Globe iconLogin iconRecap iconSearch iconTickets icon
news

White Sox News

Grandal explains 'frustration' of calf injury

Renteria: 'Indication is that he's doing very, very well'
@Russ_Dorsey1
February 28, 2020

GLENDALE, Ariz. -- When the White Sox began planning the 2020 season, having their free-agent acquisition Yasmani Grandal behind the plate was a large part of that. Unfortunately for Grandal and the Sox, a nagging left calf strain has prevented their new catcher from seeing much action this spring. The

GLENDALE, Ariz. -- When the White Sox began planning the 2020 season, having their free-agent acquisition Yasmani Grandal behind the plate was a large part of that. Unfortunately for Grandal and the Sox, a nagging left calf strain has prevented their new catcher from seeing much action this spring.

The 31-year-old injured his left calf two weeks before the White Sox opened camp and has been sidelined since. Grandal, who signed the largest free-agent contract in team history in November, is progressing in his rehab, and while there’s plenty of time to get healthy before Opening Day on March 26, there has been a small sense of frustration during the process.

“I’ve been hurt before. I guess the frustration was the fact that I got hurt now,” Grandal said. “I don’t think ever since 2015, I haven’t been hurt. I got hurt before this whole thing started. That’s the frustration. I got a lot of work to do. I got a lot of things I got to do outside of the game in order to still be involved.

“We were doing sprints, resistance sprints and there could have been a lot of things. Could have been dehydration or just trying to go too hard. It was really weird, something I never felt before. It almost felt like when you tie a knot and you untie it. That's kind of what it felt like. I guess that's the best explanation.”

The White Sox have avoided putting a strict timeline on when he could begin seeing Cactus League reps, and they also haven't discussed a number of games for him to be ready. Grandal is close, though, and has done pretty much everything except see game action.

Grandal has been a model of consistency in terms of both production and durability. He’s averaged 132 games since 2014 and 146 over the past two seasons.

Grandal has been hitting and catching bullpens while recovering, but the team has been monitoring his workload. On Thursday, he fielded bunts and went through fielding drills. He moved well as he went through extended live batting practice on Friday -- facing starters Dylan Cease and Michael Kopech -- which included running hard out of the batter’s box. He said the soreness he felt initially after suffering the injury is now completely gone.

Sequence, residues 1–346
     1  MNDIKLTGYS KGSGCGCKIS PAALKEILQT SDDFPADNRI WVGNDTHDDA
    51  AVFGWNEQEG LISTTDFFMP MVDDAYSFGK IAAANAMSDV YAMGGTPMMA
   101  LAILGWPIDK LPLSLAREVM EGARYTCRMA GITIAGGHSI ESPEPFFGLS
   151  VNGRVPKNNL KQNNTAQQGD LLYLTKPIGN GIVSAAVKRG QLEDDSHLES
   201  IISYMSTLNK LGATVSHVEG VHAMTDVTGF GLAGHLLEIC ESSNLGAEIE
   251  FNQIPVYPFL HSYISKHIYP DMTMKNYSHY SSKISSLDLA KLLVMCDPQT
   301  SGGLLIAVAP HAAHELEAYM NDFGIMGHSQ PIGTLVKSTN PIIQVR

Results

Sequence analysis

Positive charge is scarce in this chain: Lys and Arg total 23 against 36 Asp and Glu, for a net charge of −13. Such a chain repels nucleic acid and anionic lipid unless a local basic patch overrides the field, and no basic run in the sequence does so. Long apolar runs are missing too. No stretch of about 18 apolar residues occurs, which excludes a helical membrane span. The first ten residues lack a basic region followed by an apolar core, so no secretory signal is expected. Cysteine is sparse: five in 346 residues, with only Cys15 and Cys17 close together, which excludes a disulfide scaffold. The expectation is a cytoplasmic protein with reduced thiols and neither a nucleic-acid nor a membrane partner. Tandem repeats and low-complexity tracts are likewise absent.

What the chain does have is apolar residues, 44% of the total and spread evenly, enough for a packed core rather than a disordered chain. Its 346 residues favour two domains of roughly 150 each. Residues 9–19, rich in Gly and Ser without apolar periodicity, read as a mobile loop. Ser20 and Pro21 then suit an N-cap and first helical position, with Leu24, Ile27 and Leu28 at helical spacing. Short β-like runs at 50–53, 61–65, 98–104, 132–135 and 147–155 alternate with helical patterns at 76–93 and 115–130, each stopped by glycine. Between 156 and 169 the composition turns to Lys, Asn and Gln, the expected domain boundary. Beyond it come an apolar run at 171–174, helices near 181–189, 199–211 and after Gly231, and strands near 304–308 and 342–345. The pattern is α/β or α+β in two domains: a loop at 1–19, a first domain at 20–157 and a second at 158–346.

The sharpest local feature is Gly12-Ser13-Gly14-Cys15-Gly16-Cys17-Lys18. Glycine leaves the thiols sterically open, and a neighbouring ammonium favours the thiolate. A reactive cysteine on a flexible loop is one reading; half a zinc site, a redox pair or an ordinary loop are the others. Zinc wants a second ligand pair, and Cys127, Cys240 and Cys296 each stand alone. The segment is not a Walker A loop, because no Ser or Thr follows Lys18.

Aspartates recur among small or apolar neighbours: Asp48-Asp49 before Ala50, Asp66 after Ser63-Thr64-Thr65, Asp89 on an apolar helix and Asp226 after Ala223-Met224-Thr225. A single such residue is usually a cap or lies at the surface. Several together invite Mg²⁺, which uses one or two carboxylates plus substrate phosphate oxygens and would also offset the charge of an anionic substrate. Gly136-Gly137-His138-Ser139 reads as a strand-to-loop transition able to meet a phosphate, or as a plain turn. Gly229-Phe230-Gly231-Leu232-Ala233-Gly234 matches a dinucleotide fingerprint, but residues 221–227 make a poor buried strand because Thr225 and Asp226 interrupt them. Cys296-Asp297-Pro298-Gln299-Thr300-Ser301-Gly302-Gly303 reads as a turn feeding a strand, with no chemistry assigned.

“All the measurements and metrics that are used to measure strength and endurance seem to indicate that he's doing quite well," White Sox manager Rick Renteria said. "We're happy to hear that. As far as the other one once he starts playing, there's enough time for him to start feeling that sense of, 'My body is working.'"

Grandal will continue to ramp up the intensity of his workouts until he is able to see action in the Cactus League.

“You don’t want to get on the field and do something you’ve never done before,” Grandal said. “So we’re trying to cover every single area that’s available to us and what we think we need to make sure we’re safe out there.”

“They've done everything they can to make sure he's been through a rigorous recovery process,” Renteria said. “They went through blocking and recovering yesterday, which is a very explosive move and is one of the last things we were wanting to see and he did very well. As you spoke to him today, and he said he hasn't felt any soreness. The indication is that he's doing very, very well.”

Grandal’s final step in his road to recovery will ultimately be playing games and going through in-game movements and motions at full speed, something that’s difficult to simulate in controlled settings.

“Oh, we're going to get in games,” Grandal said. “We have it planned out. We gave ourselves room to make sure I'm playing back-to-back days, make sure I'm playing three days in a row. We gave [ourselves] some room for error.”

Russell Dorsey is a reporter/editor for MLB.com based in Chicago. Follow him on Twitter @Russ_Dorsey1.